Let me start with a story.
Actually, no, I won't, because if you're going to read a story, read one from a real actual author, not some guy who tries to write blog posts sometimes. Here's Neil Gaiman on Impostor Syndrome.
The fact is, Impostor Syndrome is something that pretty much anyone gets, and actually having it hit you is arguably a good thing - it's related to the Dunning-Kruger effect, which says (roughly) that you assess your abilities based on your peers in that ability. If you're the only person who sings at all in your peer group, you probably think you're amazing. A TV Talent show audience, though, may well disagree. But if your peer group includes talented developers and managers, you're probably comparing yourself to them on their finest days, and drastically underestimating yourself.
So let's look, for a moment, at what the outcome is. Your skills tell you about the risk involved in every decision you make. That's a good thing, but it feeds your paranoia. You're also acutely aware that you might make the wrong decision, too, leading you into an "Analysis Paralysis", where you're constantly trying to find more information so you can make the perfect decision. You're acutely aware that you don't know what you're doing - you're just feeling your way through, moment by moment. You're terrified that something will go horribly wrong at any moment.
The bad news is that these feelings are not going to go away (and if they do, you've probably hit the other end of Dunning-Kruger...). The good news is that there's ways to make these feelings work for you.
Let's build some rules.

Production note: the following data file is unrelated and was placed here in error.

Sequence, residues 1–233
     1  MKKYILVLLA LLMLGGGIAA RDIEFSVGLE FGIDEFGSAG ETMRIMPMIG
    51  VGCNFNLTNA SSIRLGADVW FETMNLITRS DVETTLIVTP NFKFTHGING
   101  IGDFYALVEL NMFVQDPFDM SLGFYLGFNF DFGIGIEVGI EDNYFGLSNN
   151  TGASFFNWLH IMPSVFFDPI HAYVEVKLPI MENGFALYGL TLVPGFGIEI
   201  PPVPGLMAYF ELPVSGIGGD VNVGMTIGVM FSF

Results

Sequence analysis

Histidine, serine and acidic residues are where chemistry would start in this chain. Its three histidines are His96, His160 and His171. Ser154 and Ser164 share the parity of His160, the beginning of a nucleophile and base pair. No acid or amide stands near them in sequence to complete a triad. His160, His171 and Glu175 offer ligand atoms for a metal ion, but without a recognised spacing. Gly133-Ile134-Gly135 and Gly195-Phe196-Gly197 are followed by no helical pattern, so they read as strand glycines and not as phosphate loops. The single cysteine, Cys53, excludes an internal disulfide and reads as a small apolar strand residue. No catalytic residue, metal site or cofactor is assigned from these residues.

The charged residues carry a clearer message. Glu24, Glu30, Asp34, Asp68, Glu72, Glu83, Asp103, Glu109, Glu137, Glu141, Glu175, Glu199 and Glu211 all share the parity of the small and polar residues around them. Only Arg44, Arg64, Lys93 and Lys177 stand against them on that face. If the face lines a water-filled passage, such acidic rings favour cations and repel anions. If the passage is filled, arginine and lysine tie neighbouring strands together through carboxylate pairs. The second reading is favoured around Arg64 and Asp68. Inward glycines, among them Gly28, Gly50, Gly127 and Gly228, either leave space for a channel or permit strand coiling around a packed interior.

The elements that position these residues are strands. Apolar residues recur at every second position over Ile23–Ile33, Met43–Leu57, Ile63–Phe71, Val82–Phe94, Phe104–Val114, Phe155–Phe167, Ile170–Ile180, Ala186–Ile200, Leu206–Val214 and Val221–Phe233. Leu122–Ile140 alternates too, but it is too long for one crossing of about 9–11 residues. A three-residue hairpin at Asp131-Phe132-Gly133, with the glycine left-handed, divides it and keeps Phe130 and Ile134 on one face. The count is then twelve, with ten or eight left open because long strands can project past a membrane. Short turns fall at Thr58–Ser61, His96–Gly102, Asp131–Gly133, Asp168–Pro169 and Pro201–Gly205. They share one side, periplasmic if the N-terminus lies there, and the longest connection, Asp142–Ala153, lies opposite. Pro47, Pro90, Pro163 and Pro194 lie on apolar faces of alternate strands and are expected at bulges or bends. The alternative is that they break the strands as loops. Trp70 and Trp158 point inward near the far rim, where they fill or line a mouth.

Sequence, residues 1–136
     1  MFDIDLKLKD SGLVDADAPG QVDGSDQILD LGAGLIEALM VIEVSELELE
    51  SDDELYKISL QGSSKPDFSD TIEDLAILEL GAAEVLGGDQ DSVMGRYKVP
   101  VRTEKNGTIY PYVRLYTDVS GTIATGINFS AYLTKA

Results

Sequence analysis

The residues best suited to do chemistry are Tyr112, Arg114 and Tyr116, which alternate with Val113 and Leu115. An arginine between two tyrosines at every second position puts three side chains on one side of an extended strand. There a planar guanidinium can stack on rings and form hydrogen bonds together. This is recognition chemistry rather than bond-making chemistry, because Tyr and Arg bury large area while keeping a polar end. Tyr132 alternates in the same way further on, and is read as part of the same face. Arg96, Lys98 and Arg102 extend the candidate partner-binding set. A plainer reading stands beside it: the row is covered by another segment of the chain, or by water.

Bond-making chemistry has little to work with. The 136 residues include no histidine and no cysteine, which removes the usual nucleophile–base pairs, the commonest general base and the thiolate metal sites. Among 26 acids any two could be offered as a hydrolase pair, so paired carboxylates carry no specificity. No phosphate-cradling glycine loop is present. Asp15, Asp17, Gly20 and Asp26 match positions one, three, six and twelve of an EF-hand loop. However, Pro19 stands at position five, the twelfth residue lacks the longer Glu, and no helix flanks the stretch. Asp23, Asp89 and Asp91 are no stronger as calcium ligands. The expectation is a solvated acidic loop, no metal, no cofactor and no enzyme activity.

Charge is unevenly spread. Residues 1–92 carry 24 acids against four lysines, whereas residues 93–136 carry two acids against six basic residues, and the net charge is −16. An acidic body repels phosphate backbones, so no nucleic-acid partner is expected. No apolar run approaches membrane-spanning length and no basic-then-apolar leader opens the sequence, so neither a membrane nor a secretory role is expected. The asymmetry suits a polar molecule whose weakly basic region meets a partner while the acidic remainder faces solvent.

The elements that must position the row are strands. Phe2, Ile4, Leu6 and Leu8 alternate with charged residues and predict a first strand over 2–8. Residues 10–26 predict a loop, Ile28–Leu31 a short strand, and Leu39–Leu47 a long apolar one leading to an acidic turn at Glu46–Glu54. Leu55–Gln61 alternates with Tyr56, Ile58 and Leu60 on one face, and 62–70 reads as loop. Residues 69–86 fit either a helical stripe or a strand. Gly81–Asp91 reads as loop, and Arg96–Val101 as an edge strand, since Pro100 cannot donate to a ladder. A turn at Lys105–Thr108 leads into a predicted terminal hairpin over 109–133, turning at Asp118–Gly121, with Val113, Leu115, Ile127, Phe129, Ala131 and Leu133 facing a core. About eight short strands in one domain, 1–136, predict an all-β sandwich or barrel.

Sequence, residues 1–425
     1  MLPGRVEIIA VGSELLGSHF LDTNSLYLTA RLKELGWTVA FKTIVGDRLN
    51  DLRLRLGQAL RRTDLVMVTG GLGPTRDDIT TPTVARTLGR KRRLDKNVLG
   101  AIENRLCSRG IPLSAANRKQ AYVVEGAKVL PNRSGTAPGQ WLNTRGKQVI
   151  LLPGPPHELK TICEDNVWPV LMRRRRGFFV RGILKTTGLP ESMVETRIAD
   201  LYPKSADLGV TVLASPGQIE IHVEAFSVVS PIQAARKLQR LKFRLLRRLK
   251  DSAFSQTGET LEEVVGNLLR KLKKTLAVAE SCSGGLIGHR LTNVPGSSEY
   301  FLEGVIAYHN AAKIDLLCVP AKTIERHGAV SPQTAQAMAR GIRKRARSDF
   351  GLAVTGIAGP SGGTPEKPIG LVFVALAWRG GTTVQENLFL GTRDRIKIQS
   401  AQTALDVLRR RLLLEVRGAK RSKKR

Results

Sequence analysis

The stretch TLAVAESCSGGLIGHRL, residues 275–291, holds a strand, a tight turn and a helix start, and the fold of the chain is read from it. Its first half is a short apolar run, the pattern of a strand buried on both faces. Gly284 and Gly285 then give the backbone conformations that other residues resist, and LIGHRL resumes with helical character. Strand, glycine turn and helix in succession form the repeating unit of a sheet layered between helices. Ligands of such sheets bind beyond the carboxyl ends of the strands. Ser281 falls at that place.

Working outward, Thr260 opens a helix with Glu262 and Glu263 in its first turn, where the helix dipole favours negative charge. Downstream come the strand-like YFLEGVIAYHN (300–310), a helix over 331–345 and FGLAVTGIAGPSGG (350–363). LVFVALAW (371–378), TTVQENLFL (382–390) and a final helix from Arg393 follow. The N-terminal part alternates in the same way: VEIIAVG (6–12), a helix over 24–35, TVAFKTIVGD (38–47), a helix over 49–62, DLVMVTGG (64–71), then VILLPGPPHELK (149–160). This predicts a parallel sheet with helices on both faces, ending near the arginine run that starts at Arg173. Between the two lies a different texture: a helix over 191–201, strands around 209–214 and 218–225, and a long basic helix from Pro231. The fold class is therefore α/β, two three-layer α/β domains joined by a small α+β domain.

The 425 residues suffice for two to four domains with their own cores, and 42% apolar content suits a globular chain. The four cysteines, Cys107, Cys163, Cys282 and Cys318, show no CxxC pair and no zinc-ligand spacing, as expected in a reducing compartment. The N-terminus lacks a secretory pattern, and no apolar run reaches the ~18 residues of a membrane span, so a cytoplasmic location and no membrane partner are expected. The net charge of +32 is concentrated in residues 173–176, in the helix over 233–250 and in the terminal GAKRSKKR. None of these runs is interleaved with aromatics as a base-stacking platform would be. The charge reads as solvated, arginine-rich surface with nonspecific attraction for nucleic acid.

- Don't pretend to have all the answers.
"Try never to be the smartest person in the room. And if you are, I suggest you invite smarter people, or change room." -- Michael Dell.
"The smartest person in the room is never as smart as all the people in the room." -- John C Maxwell.
- Any decision is better than no decision.
Corollary: "No Decision" is a decision - and it's a bad one.
If you're in a position where you need to make a decision, don't worry about making the perfect one - as Carl von Clausevitz said, "The enemy of the good plan is the dream of the perfect plan."
- Feeling your way through is a key skill.
Embrace your impostor syndrome - it's giving you all that risk-awareness, and that's good. Embrace your knowledge that you don't always make the right decision - instead, work on ensuring that even wrong decisions are right ones.
The whole concepts of "Lean", and "Fail Fast", are there to help, particularly with the last two.
The problem with bad decisions is that people often cling to them like a life raft made of lead. But your Impostor Syndrome told you you make bad decisions, right? So just learn how, and when, to recognise them. Learn how to ensure that decisions get reversed when they turn out to be bad.
This has two effects. Firstly, it inculcates within your team the idea that they can, and should, get behind a decision that they disagree with. "Disagree and commit" is possibly the idea taken most out of context - it's daft on its own, but in a framework where the risk of failure is managed properly, it arises naturally.
Secondly, it treats decisions from the outset as being experiments - they have defined provability, distinct destinations. In science, an experiment that disproves a hypothesis is often more valuable than one that does.
So in the end, the best advice I have for getting rid of Impostor Syndrome is simply "Don't". Embrace it instead. You'll get all the benefits, and the butterflies in your stomach will be... well, better. Maybe. You'll have to find out.